A rugby club is to become one of the first in the country to play on an artificial pitch, after plans were give the go-ahead.
Preston Grasshoppers is set to follow the likes of Saracens and Newcastle Falcons by playing games on an artificial surface.
An application was lodged by the game’s governing body, the RFU, to replace the club’s main pitch at Lightfoot Green Lane with a 3G alternative, and was unanimously approved by councillors.
Preston Council’s planning committee debated the proposals at a meeting this week, and all 12 members voted in favour of the scheme.
Grasshoppers general manager Richard Ellis said the club was “delighted” the plans had been given the go-ahead.
He said: “It’s an investment in rugby in the area from the Rugby Football Union, and Hoppers have been selected as one of six pilot areas to do this and we are the only one in the North West to get it at this point.
“Then they are going to roll it out to 60 clubs.
“So it’s quite a lot of kudos for Preston itself and Grasshoppers.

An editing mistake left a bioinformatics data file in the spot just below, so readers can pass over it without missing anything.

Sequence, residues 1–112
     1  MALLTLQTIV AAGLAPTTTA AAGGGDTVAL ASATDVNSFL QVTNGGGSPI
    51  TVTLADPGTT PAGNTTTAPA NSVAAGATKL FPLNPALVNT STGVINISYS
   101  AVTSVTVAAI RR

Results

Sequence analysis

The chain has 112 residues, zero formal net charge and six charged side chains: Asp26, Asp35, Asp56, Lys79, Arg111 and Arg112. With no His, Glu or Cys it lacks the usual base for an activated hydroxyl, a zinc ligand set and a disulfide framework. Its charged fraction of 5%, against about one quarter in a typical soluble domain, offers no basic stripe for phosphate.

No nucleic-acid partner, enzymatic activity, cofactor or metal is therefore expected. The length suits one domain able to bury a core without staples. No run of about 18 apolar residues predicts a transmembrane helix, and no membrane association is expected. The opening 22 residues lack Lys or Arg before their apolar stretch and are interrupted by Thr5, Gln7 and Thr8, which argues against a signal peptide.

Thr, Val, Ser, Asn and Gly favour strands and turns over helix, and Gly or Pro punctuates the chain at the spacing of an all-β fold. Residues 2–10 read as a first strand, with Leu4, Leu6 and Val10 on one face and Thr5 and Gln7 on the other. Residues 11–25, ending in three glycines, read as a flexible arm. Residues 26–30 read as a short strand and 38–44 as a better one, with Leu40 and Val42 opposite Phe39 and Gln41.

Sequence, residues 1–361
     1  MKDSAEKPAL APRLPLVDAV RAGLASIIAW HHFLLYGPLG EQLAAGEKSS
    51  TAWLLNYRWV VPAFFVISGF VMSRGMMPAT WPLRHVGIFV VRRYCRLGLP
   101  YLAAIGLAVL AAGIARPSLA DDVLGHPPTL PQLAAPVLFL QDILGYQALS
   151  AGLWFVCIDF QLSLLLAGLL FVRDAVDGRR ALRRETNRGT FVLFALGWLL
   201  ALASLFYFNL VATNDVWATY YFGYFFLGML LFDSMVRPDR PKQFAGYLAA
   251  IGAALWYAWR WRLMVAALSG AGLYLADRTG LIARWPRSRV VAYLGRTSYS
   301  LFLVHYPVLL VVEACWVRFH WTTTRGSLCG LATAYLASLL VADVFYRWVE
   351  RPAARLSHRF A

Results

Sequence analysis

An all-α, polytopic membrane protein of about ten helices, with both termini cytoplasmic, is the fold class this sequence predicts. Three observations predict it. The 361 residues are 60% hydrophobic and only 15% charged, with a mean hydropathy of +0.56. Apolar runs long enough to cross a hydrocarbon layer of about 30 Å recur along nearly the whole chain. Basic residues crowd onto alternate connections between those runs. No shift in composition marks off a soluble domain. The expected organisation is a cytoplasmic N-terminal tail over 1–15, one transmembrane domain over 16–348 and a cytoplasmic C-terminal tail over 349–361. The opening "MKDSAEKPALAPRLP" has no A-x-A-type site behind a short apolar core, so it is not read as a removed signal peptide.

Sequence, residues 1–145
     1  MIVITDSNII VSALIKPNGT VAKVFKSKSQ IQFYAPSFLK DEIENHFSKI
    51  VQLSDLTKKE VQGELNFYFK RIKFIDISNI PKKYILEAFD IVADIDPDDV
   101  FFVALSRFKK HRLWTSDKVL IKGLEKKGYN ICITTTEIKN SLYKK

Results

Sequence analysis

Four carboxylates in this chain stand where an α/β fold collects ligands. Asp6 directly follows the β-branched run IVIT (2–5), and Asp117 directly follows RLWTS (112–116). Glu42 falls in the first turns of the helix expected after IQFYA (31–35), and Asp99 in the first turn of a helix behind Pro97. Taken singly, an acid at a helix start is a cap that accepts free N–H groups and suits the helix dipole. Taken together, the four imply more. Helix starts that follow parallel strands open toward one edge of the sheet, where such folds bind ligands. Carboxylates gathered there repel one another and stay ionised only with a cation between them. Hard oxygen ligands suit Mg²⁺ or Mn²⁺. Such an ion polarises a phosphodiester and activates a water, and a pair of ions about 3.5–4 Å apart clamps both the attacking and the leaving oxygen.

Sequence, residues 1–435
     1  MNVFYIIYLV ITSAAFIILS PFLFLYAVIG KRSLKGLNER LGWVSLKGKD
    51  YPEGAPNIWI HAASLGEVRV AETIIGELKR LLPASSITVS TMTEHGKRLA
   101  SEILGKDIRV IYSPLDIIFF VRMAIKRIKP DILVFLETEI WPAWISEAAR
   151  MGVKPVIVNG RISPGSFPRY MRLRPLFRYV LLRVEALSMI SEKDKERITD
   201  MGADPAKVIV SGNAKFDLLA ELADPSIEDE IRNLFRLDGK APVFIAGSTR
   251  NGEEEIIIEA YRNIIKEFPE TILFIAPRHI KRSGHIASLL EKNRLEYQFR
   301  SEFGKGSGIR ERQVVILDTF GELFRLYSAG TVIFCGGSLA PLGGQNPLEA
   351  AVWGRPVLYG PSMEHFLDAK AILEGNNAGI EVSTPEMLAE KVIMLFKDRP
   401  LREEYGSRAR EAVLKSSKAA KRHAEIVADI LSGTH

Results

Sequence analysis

“We are really pleased it was passed unanimously.”
Mr Ellis said, last season, the club lost about eight weeks of training for youngsters due to waterlogging, but said: “Now we’ve got an artificial pitch we can guarantee rugby.
“Now we’ll have this top-class facility.”
He said the RFU would be bringing schools and colleges to use the pitch, and other local clubs could also use it.
He said: “It’s just great for rugby in the area, it will really increase participation.”
Recommending the plans for approval, a report to the committee said: “No objections have been received.
“It is considered that the principle of the proposal is acceptable as the development would not result in the loss of a recreation facility.
“The proposal would replace an existing playing field with an artificial pitch and is considered to provide better quality recreation provision by enabling longer periods of use throughout the year for the purposes of rugby games and training.
“The design of the proposed pitch, the materials proposed, and the siting of the storage container and floodlights are considered to be acceptable.”
It said, subject to conditions, the plans were acceptable in terms of the impact on neighbourhood amenity and drainage.